Got a question I want to pose to you for a Friday thought provoker if you’re up for it.

I came across an article yesterday that mentioned how a trial of graphic health warnings on junk food (just like we see now for packets of smokes) has actually had the desired effect.

And it was actually an Aussie run study – University of Melbourne and the Cancer Council Victoria.

Now the sample size was only pretty small – only 95 people, so you can’t exactly say that it’d be valid across the broader population.

But it’s a start.

Anyways, they wanted people to not eat for 4 hours and were promised a snack when they finished.

Then they were shown 50 photos of all different types of foods – healthy stuff like celery sticks and the like, through to chocolates and take your pick there.

They then threw up random health warning messages and photos of diseased body parts before asking people again what they preferred.

The interesting finding was the images of an unhealthy heart and the like caused by too much junk food made people change their minds subconsciously about what they wanted as a snack after they initially said they’d prefer the ‘naughty’ option.

Just like with the packets of smokes.

Which brings me to todays question.

Would it change your mind if you went for a burger at Maccas or picked up your pizza for example and it came with a picture of heart disease or blocked arteries along with a warning about too much junk food causes XYZ?

Would it make you go next door for a salad instead?

Or would you still say stuff it?

I think the idea has some merit.

After all, there’s some people you’ll never reach no matter what you put on them.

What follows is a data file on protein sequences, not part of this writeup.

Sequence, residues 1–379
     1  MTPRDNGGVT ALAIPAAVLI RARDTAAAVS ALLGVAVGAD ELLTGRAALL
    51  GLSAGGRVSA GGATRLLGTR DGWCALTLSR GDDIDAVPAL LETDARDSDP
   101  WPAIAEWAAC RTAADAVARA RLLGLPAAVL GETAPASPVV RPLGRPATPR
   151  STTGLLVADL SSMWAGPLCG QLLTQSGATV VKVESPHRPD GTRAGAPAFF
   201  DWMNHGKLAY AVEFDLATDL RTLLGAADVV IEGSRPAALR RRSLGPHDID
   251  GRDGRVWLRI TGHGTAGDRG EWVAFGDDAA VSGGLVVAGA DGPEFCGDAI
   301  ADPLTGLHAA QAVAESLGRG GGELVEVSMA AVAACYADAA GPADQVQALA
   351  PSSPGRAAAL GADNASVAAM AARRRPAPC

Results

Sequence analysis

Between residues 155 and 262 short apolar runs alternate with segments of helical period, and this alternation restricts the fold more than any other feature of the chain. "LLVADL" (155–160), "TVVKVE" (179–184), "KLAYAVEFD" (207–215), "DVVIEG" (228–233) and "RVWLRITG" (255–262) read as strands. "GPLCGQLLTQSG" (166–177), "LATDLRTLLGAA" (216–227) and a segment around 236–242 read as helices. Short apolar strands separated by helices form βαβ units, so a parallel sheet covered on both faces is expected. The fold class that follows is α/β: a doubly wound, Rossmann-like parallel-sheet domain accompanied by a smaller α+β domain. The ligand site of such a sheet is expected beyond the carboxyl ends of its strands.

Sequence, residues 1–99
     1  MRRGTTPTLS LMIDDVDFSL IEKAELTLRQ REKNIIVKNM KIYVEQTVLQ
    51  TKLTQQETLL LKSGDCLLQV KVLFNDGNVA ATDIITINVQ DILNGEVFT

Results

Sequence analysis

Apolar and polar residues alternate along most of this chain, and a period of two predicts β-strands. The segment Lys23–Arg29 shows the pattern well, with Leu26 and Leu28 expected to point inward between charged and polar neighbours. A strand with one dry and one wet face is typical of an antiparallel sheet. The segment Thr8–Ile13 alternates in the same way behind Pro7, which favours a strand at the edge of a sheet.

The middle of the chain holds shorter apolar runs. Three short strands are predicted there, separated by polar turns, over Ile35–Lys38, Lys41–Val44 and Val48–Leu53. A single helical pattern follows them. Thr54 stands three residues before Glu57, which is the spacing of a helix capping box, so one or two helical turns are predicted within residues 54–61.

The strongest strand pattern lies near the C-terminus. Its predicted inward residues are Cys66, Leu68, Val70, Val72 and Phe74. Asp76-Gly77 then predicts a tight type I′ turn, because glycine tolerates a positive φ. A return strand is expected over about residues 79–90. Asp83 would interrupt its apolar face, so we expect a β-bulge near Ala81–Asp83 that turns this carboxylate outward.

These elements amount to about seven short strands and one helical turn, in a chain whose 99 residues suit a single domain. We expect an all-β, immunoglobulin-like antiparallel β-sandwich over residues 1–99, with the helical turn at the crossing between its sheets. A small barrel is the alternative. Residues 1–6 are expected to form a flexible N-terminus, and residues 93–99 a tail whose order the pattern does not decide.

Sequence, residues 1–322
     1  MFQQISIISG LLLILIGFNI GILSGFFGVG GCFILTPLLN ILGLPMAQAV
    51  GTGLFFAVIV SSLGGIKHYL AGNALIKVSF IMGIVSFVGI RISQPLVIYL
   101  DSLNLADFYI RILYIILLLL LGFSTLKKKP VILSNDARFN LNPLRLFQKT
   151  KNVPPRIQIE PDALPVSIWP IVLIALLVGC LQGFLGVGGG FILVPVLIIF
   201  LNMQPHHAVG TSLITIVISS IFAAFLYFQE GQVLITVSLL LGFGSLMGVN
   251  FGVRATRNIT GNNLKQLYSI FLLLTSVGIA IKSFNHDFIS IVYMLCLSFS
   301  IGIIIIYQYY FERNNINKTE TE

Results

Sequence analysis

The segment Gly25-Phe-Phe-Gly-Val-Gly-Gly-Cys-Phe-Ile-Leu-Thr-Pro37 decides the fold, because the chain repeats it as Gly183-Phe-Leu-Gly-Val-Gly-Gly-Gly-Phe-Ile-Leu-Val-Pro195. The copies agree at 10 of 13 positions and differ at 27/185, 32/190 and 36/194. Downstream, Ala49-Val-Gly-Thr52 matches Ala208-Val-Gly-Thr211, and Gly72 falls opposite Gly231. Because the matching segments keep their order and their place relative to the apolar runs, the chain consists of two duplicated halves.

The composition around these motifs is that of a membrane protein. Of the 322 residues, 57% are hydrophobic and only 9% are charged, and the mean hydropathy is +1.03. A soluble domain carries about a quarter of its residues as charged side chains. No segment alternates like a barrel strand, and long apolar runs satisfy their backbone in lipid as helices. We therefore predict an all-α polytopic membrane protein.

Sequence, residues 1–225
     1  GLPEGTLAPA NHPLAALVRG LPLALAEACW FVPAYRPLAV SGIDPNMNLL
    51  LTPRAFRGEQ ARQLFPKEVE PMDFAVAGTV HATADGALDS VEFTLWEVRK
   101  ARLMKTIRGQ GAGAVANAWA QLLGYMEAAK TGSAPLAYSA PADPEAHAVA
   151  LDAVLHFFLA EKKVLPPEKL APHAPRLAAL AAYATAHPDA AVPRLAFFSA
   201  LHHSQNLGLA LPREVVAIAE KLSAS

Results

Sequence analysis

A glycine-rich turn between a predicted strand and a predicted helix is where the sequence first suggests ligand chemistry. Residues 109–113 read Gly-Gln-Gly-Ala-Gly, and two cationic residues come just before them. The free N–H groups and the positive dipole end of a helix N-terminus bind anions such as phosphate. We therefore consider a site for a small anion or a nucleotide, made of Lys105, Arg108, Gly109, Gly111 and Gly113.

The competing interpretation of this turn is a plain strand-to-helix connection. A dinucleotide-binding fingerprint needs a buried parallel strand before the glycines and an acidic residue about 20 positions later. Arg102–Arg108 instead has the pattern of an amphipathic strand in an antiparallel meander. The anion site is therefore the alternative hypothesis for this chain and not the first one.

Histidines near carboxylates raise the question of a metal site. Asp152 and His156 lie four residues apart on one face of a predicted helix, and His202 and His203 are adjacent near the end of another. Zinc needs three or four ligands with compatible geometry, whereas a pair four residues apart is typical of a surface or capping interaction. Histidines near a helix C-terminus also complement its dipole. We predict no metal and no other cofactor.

But if you see an impressionable kid change their mind about their regular junk food fix – would it save them from a potential path to obesity down the track?

It sure makes for interesting thinking…

I know for me, as a little kid seeing my Pa in intensive care with tubes all hooked up and spending the last 4 years of his life on oxygen because of smoking related emphysema turned me off ever having a smoke as I associated one with the other.

And I still haven’t had a puff.

Would it work for long term junk food abuse?

It can’t hurt in my view.

Don’t get me wrong, I’m not saying never eat any of that stuff again, because as you and I know, and as I always say

– if you’re having a bit of pizza or cake or whatever in moderation it isn’t a bad thing.

It’s actually enjoyable.

But when it becomes the norm instead of the cheat meal that becomes a problem.

That’s my two cents anyways, what about yours?

Cheers,
Daniel

PS – if you’re looking for someone to help break down all the confusion about healthy eating, and how you can in fact still enjoy these types of junk foods sparingly as part of your healthy eating plan, come and join me at DPM.

Hit reply if you’re interested and we can see what works best for you – be that our small group sessions at Lilyfield or Observatory Hill, 1-on-1 personal training or even online training.

There’s something that might be just right for you and your situation 

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